The key assumptions are that once the scheme is launched and awareness is built amongst bankers and customers, the demand for solar financing will be met effectively by the proposed credit mechanism and will translate into system installations and customers served. Other assumptions are that consumers will be satisfied with the product; loan defaults will be low and that the banks will be satisfied with the results of this new loan product and will subsequently scale-up lending to the sector even after the small UNEP incentive has been phased out.
The primary risks are that the number of loans processed will be slowed due to:
- Inadequate effort by the banks to promote the product: Banking partners have been chosen with care and both already have experience financing renewable energy systems. Furthermore, the strategy to work with two banks independently means that problems with one bank will not endanger the overall programme.
- Lengthy procedures imposed by the banks on customers: One of the non-financial areas that the banks have specifically asked for assistance with is in setting minimum product standards and doing vendor qualification. A bank will never loan for a product that they haven't confirmed will operate effectively since equipment failure will often lead to customer default. UNEP will standardise this process within the partner banks, allowing bank managers to skip a number of loan review steps that can cause significant delays.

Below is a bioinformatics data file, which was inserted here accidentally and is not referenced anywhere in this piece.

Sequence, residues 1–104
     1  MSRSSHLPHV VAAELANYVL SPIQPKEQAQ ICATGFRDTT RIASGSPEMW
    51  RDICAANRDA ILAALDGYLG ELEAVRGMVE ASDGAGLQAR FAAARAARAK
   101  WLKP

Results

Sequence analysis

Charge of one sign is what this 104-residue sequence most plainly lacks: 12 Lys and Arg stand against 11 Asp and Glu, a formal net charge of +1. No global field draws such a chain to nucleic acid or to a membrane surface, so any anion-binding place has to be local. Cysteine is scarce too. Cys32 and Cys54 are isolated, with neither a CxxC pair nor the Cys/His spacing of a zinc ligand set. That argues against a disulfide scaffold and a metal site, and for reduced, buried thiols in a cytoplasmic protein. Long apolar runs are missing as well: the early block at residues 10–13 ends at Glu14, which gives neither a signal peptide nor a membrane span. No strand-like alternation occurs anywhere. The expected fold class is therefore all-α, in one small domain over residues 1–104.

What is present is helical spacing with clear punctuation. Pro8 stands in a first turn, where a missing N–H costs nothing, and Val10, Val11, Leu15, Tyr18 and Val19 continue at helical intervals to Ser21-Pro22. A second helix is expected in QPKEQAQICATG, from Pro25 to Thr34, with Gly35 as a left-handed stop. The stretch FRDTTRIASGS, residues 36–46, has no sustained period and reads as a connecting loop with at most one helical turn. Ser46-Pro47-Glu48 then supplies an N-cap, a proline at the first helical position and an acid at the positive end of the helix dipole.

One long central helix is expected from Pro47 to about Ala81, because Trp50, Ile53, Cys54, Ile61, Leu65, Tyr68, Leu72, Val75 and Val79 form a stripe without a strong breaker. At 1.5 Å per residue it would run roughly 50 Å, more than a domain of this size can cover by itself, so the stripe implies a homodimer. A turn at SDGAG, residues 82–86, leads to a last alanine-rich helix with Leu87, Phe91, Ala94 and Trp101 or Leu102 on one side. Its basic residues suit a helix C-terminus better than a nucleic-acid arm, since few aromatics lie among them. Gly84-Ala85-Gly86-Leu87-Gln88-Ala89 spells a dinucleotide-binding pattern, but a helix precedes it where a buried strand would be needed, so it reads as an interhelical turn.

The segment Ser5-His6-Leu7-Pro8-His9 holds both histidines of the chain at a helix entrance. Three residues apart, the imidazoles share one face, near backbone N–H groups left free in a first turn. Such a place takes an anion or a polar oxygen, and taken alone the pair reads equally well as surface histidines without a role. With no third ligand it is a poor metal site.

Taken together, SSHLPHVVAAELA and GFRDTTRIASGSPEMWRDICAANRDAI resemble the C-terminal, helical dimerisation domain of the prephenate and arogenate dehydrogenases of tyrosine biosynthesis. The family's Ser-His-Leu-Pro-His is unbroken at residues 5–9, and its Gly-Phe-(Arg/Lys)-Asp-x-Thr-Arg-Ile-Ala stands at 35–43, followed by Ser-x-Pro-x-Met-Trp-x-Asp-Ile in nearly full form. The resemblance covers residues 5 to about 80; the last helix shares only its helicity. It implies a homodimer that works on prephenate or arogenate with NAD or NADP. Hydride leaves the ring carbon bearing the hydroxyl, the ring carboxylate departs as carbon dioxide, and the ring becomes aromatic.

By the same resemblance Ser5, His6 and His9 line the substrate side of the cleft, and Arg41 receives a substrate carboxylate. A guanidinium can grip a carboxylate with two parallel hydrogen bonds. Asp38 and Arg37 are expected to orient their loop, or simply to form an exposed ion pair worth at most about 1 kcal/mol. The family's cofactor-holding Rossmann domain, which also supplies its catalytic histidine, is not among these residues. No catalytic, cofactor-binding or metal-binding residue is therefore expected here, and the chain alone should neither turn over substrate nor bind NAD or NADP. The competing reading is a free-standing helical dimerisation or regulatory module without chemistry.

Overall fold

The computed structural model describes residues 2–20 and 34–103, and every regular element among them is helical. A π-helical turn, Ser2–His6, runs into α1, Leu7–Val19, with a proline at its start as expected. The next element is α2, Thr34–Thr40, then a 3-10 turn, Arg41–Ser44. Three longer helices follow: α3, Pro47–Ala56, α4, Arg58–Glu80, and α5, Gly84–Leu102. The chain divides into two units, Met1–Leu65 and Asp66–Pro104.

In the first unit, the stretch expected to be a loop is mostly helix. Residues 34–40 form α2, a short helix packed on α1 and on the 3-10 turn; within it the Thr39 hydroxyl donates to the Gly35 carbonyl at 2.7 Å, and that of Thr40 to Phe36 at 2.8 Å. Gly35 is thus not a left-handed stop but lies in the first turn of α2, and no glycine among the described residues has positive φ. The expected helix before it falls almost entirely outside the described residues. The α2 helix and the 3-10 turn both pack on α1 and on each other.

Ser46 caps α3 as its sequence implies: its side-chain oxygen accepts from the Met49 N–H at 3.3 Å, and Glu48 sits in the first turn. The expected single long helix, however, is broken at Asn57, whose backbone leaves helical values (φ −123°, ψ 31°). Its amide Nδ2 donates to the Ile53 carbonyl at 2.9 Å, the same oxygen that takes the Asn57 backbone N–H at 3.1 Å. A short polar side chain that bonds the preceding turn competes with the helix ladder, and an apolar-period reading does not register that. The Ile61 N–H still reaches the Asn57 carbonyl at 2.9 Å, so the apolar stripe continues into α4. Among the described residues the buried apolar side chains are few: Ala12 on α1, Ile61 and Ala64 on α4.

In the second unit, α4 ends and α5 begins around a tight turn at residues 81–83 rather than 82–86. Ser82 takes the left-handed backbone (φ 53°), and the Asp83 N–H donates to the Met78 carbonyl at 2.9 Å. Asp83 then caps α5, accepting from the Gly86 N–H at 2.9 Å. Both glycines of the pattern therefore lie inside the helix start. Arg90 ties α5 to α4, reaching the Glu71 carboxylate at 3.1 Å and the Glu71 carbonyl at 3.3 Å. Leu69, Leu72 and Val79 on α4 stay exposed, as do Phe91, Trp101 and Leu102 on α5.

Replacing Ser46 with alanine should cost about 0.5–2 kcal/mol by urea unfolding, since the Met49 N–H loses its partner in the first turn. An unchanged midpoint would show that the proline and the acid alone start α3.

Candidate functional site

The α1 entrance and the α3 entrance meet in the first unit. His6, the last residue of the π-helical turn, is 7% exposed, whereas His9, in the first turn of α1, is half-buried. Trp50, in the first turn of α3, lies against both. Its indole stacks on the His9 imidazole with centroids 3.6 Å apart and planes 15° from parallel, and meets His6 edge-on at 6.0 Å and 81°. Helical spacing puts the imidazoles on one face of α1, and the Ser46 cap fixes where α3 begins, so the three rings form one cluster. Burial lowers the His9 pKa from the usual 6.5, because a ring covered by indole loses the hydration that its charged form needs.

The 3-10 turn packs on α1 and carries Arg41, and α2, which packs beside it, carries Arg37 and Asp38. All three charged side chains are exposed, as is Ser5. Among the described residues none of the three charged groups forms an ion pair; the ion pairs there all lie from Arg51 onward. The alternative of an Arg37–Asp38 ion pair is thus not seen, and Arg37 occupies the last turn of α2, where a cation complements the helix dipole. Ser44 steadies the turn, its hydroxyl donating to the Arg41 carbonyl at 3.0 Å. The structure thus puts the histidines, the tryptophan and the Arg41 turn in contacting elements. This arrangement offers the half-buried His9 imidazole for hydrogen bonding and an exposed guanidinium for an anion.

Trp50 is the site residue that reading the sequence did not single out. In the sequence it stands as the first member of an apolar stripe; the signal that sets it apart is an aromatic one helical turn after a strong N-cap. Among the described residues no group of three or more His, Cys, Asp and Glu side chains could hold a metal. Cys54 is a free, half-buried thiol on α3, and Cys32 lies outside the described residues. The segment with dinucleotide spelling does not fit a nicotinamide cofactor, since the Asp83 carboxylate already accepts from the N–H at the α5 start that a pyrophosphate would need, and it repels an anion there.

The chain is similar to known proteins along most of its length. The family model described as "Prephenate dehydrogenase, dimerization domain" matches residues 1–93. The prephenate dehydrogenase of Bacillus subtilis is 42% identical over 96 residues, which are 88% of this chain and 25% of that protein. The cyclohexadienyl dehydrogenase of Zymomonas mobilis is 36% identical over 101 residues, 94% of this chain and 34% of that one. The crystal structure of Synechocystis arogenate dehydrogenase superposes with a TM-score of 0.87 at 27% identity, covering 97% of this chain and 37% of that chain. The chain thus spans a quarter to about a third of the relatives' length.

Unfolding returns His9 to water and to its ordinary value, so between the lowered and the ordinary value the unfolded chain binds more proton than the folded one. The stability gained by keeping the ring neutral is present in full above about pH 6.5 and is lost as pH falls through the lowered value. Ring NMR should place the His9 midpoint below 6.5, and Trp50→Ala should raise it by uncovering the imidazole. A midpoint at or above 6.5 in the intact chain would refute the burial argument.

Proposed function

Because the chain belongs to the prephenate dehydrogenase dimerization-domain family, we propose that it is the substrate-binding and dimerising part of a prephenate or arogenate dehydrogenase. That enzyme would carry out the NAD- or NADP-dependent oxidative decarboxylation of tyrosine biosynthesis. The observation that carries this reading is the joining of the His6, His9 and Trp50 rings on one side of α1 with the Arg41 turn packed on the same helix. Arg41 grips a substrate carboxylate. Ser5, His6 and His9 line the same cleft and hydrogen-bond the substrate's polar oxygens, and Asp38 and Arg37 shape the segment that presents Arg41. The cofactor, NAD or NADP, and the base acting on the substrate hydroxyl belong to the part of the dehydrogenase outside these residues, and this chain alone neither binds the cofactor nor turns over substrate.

- High loan default rate; One benefit of providing an interest rate buy-down is that the entire risk of the loans remains with the banks, therefore they will be responsible for minimising defaults. This they can do, for example, by increasing down-payment requirements.
- Product quality problems: UNEP will take a pragmatic approach to system qualification, meaning that some basic standards will be set, particularly on product guarantees, but the customers will be left some latitude in deciding the most appropriate systems for their needs. Rather than over-regulating on equipment standards, UNEP will instead apply a vendor qualification process, so that only the most experienced vendors have access to the programme.
- Lack of awareness among bank loan managers. The programme will include bank officer training, and support for bank managers to organise village meetings to introduce the product to rural customers.
- Lack of consumer interest in securing solar system financing. The scheme builds upon an existing cash-sales market, therefore there is little doubt that the market exists, even if still small. The level of financing incentive provided will be reviewed annually and modified, as required (i.e. reduced if the take-up is too strong; increased if too weak).